The single biggest force exporting jobs from the United States is the federal government and its overwhelming regulations and mandates (and taxes). We need to be encouraging manufacturing jobs here at home. How much of what you buy is still made in the USA? Not nearly as much as it was 30 years ago, I assure you. From light bulbs and wiper blades to appliances and sheetrock, much of what you buy is imported today, simply because it’s too expensive or even impossible to manufacture these items in the United States.
     From the Zenith TV plant, here in Springfield, to textile plants, mining, the auto industry and all its suppliers are going overseas due to impossible overhead here in the states. The recent activity by the EPA over carbon dioxide is a key example. Moderate producers of carbon dioxide like small manufacturing companies are going to be treated as major polluters by the federal government. Small businesses will have to get permits and beg for the privilege of doing business. Energy-dependent industries such as agriculture, transportation and manufacturing will not be able to compete in a global economy, or in many cases even stay in business. We just cannot build things here as we used to, we need to build things here again if we are to grow our economy back to health.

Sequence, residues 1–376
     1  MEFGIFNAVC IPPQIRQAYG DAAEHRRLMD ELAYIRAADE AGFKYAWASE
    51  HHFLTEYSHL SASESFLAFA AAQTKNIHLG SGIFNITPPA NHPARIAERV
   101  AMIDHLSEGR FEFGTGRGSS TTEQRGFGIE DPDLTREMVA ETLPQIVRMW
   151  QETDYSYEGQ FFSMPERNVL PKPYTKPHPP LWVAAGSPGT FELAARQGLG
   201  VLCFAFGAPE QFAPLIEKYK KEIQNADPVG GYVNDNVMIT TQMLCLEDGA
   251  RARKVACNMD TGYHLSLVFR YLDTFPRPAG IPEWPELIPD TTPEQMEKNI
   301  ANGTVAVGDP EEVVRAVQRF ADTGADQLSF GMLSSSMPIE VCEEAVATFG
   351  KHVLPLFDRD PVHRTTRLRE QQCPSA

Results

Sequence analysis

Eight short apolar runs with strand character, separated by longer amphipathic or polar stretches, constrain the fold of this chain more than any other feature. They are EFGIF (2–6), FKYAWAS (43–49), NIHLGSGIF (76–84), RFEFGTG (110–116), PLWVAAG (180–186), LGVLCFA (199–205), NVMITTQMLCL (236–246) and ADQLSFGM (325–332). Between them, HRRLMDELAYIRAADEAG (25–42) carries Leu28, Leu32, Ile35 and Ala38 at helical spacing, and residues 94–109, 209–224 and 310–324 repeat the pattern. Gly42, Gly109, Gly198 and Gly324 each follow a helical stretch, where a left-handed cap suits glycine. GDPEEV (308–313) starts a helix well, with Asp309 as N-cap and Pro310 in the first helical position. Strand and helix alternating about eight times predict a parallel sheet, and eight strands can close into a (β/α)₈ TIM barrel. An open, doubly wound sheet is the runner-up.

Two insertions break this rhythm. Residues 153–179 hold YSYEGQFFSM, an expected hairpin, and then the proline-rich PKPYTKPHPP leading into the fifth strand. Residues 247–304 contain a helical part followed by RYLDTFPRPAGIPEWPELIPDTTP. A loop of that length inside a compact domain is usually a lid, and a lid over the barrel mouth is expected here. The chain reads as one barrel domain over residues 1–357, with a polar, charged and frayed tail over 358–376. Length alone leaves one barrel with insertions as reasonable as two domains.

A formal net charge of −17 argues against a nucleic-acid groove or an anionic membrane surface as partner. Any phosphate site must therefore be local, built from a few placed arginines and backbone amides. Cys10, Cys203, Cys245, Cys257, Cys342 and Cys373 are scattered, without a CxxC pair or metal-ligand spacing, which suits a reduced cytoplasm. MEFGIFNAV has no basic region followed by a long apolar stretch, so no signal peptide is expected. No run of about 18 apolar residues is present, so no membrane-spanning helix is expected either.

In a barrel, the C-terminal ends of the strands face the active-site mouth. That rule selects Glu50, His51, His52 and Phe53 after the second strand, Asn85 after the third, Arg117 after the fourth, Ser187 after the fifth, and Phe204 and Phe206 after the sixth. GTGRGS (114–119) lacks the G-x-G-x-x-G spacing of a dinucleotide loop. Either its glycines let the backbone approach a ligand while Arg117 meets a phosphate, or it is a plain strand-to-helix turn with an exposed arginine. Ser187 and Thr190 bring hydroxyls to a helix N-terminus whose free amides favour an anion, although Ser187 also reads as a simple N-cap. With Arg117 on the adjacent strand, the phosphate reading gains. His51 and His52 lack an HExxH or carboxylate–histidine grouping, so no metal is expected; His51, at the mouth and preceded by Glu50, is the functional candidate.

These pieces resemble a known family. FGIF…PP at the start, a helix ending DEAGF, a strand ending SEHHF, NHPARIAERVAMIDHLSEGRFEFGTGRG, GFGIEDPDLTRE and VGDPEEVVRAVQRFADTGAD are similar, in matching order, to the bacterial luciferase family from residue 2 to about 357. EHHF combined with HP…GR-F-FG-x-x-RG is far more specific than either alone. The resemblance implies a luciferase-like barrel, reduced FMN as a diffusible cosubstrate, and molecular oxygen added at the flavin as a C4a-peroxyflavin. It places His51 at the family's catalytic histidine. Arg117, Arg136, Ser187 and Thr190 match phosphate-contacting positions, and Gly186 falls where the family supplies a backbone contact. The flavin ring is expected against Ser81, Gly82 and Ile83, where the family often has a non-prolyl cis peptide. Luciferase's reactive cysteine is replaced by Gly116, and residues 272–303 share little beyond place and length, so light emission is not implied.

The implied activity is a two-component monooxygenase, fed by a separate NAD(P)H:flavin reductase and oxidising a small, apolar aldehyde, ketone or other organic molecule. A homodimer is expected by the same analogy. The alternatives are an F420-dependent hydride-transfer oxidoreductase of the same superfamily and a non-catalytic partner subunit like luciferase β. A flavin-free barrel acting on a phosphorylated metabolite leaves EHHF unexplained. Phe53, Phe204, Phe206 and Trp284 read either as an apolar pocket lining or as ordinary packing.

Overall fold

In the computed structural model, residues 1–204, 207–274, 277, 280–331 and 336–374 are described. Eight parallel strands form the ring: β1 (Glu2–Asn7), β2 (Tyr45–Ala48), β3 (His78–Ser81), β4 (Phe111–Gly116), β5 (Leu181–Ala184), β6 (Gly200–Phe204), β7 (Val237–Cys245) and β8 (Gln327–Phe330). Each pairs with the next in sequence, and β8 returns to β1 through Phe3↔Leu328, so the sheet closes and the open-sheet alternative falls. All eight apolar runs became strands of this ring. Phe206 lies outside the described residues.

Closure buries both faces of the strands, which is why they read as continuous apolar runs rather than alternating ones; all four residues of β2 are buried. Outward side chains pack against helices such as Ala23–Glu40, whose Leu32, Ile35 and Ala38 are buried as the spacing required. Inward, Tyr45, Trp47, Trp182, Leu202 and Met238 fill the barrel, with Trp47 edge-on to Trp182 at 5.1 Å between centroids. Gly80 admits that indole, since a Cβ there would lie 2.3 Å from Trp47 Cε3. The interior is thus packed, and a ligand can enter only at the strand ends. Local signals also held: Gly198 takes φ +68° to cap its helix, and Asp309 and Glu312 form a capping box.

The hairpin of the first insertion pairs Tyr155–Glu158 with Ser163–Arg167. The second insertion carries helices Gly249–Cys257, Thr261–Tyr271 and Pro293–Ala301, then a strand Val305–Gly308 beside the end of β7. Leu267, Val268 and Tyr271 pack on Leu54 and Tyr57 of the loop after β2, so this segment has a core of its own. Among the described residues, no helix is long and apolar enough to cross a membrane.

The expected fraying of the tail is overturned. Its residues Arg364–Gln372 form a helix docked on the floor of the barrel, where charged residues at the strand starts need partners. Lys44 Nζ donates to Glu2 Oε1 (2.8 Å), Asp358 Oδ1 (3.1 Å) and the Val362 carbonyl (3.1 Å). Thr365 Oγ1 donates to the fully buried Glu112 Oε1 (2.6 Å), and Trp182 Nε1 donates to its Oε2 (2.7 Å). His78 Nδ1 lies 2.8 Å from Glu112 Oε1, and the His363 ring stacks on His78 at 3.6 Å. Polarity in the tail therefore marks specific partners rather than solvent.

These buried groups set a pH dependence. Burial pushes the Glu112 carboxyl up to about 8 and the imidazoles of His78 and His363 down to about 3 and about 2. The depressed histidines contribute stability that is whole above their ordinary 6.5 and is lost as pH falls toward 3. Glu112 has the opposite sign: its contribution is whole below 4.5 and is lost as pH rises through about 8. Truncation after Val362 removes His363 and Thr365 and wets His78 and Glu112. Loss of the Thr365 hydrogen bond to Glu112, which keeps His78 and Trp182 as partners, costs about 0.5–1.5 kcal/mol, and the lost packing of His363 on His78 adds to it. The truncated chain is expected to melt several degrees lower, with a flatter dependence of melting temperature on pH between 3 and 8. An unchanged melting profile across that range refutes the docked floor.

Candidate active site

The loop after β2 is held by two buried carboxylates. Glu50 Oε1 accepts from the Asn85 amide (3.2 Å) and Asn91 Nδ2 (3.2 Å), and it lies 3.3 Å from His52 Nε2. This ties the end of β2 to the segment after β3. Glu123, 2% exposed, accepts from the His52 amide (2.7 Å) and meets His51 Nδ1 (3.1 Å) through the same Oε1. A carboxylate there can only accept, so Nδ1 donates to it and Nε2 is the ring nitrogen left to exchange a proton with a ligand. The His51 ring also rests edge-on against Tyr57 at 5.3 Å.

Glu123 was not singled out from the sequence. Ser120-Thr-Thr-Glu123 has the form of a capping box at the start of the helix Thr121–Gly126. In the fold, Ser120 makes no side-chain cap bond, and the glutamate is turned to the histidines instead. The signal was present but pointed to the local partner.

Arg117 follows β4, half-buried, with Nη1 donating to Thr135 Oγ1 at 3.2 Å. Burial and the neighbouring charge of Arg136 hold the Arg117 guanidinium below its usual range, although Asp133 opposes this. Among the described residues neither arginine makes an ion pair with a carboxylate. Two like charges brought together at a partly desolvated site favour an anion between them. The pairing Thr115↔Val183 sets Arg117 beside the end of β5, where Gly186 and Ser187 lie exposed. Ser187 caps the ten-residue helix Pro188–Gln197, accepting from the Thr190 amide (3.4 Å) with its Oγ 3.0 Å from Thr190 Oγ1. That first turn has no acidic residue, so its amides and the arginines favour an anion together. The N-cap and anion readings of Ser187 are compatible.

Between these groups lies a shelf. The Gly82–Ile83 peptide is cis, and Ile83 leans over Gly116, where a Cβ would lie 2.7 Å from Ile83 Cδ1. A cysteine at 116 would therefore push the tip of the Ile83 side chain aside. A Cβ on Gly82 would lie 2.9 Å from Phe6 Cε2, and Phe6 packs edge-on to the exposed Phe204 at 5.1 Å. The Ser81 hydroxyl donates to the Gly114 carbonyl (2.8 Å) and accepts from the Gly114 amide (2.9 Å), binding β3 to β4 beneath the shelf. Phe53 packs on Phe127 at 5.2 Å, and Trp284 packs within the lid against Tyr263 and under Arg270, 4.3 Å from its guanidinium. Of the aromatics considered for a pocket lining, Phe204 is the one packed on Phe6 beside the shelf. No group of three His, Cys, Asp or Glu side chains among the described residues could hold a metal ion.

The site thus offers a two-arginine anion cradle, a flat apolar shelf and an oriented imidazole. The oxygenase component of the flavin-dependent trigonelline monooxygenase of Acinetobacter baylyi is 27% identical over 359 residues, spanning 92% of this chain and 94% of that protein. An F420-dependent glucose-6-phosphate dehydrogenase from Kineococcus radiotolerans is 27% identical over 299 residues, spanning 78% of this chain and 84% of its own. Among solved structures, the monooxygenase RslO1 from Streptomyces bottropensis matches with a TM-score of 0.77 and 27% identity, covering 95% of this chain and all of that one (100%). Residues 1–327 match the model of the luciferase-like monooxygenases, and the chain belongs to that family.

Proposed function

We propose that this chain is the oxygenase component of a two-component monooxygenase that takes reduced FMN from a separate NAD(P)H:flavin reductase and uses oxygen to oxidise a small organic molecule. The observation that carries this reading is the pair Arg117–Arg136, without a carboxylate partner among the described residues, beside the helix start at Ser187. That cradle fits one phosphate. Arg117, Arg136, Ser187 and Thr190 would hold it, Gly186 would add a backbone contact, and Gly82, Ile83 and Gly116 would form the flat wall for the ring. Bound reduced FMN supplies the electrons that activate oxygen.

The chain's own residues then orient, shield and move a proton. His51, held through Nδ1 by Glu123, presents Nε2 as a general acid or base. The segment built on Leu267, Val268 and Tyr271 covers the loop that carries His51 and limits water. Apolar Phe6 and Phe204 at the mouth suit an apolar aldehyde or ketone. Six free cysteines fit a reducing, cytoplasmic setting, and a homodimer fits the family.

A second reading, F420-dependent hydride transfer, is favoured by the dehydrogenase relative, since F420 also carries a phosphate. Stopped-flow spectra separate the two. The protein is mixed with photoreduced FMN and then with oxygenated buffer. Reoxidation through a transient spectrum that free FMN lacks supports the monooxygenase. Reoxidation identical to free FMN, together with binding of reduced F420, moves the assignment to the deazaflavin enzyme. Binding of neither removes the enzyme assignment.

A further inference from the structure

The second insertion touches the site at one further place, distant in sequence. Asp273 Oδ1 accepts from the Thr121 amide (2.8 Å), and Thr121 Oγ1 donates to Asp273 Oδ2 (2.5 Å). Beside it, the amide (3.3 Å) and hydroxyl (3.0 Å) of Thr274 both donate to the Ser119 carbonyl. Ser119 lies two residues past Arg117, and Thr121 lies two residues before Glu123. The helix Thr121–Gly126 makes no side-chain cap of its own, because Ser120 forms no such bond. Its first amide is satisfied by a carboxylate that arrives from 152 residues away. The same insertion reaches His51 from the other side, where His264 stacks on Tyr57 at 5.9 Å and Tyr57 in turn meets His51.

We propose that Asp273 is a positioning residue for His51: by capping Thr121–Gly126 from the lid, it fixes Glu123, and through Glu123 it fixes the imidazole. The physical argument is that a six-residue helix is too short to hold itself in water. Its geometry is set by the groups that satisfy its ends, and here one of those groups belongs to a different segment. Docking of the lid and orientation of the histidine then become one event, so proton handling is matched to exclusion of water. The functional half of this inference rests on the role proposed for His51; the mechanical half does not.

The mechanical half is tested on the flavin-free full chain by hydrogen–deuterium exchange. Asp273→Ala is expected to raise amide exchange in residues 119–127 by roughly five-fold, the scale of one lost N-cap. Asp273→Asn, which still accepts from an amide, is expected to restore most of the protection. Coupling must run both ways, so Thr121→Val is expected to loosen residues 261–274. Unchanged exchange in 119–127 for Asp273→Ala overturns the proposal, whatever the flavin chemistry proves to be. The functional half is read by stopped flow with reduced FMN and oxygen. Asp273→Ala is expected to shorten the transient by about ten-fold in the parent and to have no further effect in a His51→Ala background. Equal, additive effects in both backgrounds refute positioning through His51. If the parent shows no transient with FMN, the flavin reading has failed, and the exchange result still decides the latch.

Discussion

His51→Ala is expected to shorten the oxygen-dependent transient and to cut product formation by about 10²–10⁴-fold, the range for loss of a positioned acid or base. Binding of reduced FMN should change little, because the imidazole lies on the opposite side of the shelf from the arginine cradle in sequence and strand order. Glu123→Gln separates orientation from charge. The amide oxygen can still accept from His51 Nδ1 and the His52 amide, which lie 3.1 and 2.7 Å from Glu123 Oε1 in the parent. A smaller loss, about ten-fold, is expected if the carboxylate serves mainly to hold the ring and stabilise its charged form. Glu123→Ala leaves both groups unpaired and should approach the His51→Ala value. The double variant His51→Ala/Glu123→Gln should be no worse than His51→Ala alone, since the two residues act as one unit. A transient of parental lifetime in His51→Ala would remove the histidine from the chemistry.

Some industries have already seen the beginning of this unfolding tragedy. The EPA’s recently released, 125-page mandate on cement manufacturing regulation has all but locked down the industry in the United States. Cement companies have shut down plants due to the regulations that do not do anything for air or water quality above current regulations.  As a result, hiring and investing will essentially be stopped, and imports of cement from overseas will increase.

    If the upcoming greenhouse regulations are allowed to be put in place, any industry that relies on plants and factories that burn fuel will have to give up and relocate overseas for good. They will outsource what is left of our manufacturing economy not because of corporate greed but because Washington DC will have made it impossible to stay in business in the United States. Industries leave for Mexico or China, not because they want to, they leave because they cannot make a profit and compete when shackled by high taxes and often unreasonable regulations.  I haven’t even gotten into the effects on agriculture, but these kinds of regulations will continue to drive our food supply overseas as well.